The same question will also be considered by the court from the Defendant’s perspective in respect of the Claimant’s Cross Undertaking in Damages (see below). Damages may be hard to assess where the effect of an interim injunction is to stifle a start up business – whereas this is less likely to be the case where the employee will merely suffer loss of earnings for going to work for a competitor as a mere employee.
Balance of Convenience
The third stage of the test is for the court to weigh the respective inconvenience or loss to each party dependant on whether or not the interim injunction is granted. The competing factors and weight to be attached to each, varies from case to case and cannot easily be listed but they have been found to include the deprivation of employment; the importance of preserving confidential information; damage to the goodwill of the business and the attitude and conduct of the defendant. As stated by Staughton LJ “the main question is then one of lesser evil: will it do less harm to grant an injunction which subsequently turns out to be unjustified, or to refuse one if it subsequently turns out that an injunction should have been granted…” otherwise referred to by May LJ as “the balance of the risk of doing an injustice…”.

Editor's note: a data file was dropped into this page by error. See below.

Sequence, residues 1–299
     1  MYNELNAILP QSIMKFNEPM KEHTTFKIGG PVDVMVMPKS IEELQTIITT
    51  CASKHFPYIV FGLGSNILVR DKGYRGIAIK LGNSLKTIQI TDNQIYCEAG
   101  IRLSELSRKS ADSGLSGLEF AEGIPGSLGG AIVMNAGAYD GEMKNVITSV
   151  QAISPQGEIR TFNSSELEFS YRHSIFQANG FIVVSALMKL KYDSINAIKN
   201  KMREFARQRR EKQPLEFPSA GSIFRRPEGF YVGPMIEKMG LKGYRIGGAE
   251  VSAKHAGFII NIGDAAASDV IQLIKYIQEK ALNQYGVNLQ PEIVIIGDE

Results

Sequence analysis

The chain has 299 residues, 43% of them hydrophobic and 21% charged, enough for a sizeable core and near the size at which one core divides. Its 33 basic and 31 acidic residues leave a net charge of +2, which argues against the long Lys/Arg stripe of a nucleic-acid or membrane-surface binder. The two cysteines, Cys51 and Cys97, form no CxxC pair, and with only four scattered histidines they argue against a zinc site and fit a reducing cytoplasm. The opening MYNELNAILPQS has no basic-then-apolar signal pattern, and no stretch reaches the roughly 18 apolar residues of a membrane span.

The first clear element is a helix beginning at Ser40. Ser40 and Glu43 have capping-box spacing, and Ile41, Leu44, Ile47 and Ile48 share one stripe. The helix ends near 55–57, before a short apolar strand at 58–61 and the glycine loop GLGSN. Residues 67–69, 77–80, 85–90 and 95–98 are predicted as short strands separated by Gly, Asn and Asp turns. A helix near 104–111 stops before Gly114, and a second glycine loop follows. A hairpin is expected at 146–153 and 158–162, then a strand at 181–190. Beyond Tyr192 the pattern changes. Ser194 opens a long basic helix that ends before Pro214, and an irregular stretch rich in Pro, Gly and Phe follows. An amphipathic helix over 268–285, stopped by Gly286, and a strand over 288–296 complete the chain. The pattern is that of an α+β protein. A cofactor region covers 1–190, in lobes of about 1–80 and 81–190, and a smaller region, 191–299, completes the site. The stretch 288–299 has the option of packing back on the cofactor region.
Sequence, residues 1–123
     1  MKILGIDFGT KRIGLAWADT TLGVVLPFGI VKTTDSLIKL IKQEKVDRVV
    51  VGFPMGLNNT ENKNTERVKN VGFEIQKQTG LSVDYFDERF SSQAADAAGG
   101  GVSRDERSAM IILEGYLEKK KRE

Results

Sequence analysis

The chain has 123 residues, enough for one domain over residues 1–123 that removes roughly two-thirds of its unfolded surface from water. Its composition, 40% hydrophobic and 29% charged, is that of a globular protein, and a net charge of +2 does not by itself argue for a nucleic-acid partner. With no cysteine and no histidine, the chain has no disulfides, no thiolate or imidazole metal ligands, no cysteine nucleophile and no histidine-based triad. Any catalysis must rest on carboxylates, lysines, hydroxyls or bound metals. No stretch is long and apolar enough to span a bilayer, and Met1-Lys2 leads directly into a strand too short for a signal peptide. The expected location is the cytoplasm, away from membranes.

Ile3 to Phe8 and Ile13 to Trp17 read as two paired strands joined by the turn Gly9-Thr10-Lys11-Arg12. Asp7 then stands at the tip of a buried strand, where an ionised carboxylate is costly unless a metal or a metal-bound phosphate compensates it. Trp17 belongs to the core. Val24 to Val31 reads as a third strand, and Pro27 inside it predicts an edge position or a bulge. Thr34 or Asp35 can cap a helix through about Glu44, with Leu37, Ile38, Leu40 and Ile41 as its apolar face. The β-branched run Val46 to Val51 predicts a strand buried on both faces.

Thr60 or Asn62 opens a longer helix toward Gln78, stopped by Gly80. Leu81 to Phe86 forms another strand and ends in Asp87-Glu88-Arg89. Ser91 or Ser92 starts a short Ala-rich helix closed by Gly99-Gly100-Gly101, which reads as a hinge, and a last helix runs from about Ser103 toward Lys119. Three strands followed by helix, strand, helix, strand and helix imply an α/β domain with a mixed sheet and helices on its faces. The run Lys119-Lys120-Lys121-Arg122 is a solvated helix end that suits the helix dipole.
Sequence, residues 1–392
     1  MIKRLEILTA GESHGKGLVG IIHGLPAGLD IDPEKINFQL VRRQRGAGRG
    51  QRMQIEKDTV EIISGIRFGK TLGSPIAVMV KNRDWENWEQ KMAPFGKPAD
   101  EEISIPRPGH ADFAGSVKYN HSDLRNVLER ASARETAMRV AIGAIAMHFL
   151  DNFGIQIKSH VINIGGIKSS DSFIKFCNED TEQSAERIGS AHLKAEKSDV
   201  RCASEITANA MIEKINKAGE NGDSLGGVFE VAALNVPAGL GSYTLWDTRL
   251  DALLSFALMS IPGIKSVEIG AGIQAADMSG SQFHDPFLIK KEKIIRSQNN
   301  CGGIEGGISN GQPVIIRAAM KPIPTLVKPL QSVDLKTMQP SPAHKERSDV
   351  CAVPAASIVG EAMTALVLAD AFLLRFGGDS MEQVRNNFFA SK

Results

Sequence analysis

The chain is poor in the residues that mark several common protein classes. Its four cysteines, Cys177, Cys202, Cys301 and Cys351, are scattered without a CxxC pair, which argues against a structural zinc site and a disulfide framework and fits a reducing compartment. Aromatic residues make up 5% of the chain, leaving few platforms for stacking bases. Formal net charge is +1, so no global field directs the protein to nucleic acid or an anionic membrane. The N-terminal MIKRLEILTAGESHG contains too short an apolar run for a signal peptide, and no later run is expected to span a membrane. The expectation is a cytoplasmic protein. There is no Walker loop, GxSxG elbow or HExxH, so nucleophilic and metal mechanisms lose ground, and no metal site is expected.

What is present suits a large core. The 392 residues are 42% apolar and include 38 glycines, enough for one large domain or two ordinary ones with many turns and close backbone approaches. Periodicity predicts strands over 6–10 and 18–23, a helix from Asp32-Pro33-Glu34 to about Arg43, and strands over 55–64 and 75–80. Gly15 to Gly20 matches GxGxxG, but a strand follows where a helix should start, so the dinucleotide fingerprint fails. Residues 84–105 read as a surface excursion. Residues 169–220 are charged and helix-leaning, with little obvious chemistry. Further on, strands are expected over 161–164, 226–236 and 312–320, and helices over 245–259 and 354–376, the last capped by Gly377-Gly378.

The way the courts apply the balance of convenience test, varies from case to case. For example, the fact that an injunction would cause disproportionate harm to a start-up business, has been held to be a determinative factor whereas the fact that an injunction, against unlawful use of information, may drive a start-up into liquidation, was regarded as of no consequence.